It was striking that, during the general election, all political parties woke up to why farming matters. This was not always the case. You only have to go back 10 years to a time when farming was seen, at best, as a rather embarrassing inconvenience: animal-disease outbreaks cost Government money and credibility, food surpluses still played on the memory, and accusations of environmental damage were rife. There was an unspoken assumption that a ‘smaller agriculture’ would be less risk-we could always import more and, if this was from developing countries, that would be a bonus.

Contrast that with incoming Defra Secretary Caroline Spelman’s first statement that she looks forward to the challenges of the role, ‘in particular, increasing production from British agriculture’. It’s unlikely that any Minister since Peter Walker in 1979 could have said that. Farming is now a strategically vital industry, at the heart of the challenges the world and this country face in coming years.

Food security has become an issue, for reasons that are now well rehearsed: growing world populations and rising affluence, particularly in Asia, will mean that food production will have to increase by at least 70% in the next 40 years; probably, it will need to double, and some authorities, factoring in the need for renewable energy, put the figure higher than that.

These kinds of increases-even at the top end of the scale-are precisely what the world’s farmers have achieved in the past century. In normal times, there would be no real issue. But times are not normal. Consider these factors: according to most scientists, even if we can keep increases to within 2˚C, global warming will severely impact on the ability of large tracts of the world to produce; the separate, but related, issue of water availability will be critical. And investment in agricultural research and development (R&D), which underpinned previous leaps in productivity, has been at a historic low in most of the world for the past 25 years.

Water critical

Two recent pieces of research starkly illustrate the scale of the challenge: the WWF states that, because of water scarcity, 700 million people are now, in effect, water-stressed-by 2025, this is predicted to rise to a staggering two-thirds of the world’s population. And Humboldt University in Berlin calculates that the EU, now a substantial net importer of food, is relying on the output of 35 million ‘virtual hectares’ in the rest of the world to meet its needs-equivalent to the land area of Germany.

As its study concludes, although it may be desirable that poor countries contribute more to feeding themselves, the reality is that their food imports are likely to quintuple by 2030. The food needs of the world can only be met when the rich countries produce more and not less, as is sometimes argued.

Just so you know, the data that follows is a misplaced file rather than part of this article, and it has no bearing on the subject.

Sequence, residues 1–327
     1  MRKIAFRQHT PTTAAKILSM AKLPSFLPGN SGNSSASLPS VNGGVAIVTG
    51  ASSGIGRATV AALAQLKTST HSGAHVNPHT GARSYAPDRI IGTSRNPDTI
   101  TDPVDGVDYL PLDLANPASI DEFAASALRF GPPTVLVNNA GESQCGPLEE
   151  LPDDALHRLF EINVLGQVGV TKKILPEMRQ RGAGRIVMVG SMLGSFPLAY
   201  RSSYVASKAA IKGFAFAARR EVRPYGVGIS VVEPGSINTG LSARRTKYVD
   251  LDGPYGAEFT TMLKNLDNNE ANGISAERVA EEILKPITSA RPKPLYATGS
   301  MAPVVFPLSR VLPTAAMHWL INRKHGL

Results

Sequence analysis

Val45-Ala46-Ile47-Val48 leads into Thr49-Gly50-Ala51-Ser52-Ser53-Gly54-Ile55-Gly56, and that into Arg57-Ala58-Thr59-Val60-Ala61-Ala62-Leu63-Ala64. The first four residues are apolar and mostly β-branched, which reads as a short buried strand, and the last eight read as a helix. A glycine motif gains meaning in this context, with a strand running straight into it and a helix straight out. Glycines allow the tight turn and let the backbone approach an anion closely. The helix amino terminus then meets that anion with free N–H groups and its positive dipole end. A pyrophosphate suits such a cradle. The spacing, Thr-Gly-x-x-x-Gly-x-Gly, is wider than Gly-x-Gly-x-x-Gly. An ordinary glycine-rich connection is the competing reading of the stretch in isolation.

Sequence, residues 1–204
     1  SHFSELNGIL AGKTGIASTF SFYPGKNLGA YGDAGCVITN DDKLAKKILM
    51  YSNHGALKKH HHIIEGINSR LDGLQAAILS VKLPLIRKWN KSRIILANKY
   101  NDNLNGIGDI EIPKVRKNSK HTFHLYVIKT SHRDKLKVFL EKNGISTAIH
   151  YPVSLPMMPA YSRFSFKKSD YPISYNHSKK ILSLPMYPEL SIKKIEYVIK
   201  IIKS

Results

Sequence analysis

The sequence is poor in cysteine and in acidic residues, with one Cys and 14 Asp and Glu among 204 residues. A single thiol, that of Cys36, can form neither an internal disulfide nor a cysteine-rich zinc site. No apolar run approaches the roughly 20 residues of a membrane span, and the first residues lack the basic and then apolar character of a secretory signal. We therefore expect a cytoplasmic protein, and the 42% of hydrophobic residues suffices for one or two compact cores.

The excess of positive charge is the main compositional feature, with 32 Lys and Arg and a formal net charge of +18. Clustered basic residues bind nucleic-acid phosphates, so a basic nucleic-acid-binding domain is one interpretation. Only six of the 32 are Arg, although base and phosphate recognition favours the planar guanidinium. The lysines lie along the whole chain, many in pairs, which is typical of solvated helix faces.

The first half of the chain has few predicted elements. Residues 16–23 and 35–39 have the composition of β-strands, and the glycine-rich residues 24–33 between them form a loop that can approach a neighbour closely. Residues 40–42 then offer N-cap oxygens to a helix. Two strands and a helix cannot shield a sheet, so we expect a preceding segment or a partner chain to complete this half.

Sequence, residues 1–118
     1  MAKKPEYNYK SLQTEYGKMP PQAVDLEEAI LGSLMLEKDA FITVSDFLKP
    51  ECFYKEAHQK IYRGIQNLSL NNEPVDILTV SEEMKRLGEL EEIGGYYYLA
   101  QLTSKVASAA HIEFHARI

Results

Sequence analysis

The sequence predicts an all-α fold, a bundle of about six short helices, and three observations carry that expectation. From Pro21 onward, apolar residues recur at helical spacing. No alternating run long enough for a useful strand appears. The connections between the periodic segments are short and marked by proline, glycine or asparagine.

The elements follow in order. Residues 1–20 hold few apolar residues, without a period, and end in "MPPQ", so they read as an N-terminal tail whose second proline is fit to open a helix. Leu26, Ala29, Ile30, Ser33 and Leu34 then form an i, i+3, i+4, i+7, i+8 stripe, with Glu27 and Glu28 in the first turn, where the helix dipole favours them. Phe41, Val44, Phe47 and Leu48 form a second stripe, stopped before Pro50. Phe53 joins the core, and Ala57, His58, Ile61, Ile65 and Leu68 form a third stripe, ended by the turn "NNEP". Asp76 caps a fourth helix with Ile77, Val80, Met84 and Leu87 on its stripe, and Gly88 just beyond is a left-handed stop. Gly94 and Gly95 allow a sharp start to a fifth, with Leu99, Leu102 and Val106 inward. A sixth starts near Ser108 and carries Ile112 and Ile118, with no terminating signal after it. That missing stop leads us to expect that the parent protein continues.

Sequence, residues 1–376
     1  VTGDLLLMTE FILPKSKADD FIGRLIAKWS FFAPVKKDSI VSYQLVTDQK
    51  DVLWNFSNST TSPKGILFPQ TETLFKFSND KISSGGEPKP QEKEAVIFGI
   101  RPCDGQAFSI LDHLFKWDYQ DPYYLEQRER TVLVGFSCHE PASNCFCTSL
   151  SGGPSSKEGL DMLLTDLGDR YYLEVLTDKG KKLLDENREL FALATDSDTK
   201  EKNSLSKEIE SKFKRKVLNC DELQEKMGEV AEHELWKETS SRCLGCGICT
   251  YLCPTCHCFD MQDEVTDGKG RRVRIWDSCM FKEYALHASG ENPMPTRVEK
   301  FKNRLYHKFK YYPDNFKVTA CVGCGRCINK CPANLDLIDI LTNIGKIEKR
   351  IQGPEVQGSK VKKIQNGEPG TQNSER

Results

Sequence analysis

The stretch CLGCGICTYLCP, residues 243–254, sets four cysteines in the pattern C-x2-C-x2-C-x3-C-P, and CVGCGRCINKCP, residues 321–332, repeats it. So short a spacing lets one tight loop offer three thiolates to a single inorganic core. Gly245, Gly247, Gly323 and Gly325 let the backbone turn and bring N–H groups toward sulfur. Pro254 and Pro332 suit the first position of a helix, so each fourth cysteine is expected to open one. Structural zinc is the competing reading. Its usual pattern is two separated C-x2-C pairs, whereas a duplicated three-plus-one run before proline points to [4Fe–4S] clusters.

There’s still a tendency in this country to regard farmers as land managers rather than businessmen, but, against the above context, British agriculture should have a bright future. We have a good structure, and a history of innovation. The UK seems likely to be less affected than most by global warming. Domestic and global demand is certain to increase. This is an industry with an assured market, which stands ready to play its full part in economic recovery.

So what do we need to make this vision a reality? First, agricultural markets look promising, but are certain to be more volatile and, in the short term, British farmers need help to ride out this volatility. Although routinely vilified by politicians whose views have been shaped by past realities, the Common Agricultural Policy (CAP) is actually, in its current form, the best vehicle anyone has yet devised to allow farmers to focus on the market at the same time as providing a safety net when prices are cyclically low.

Further reform of the CAP is inevitable, but it’s essential that our new Government engages in this negotiation constructively and pragmatically, with the interests of productive farming at its heart. As a farmer, I would much prefer to live without public support. If that is what governments want, they should help us get there, in particular by making the food chain function more equitably, with clearer labelling for consumers and curbs on abuse of power by dominant players. Spending cuts are inevitable and Defra will not be exempt, but anything that impairs the competitiveness of British farming should be ruled out. R&D is, in many ways, an easy target, but it should be the last item to be jettisoned.

A decade ago, at the nadir of farming’s fortunes, Government policy began to encourage farmers away from production, either by diversification into other enterprises or by incentives for ‘public goods’ such as landscape and habitats. It’s time for the pendulum to swing back, but this isn’t a blueprint for environmental irresponsibility: the NFU’s watchword is ‘produce more, impact less’.

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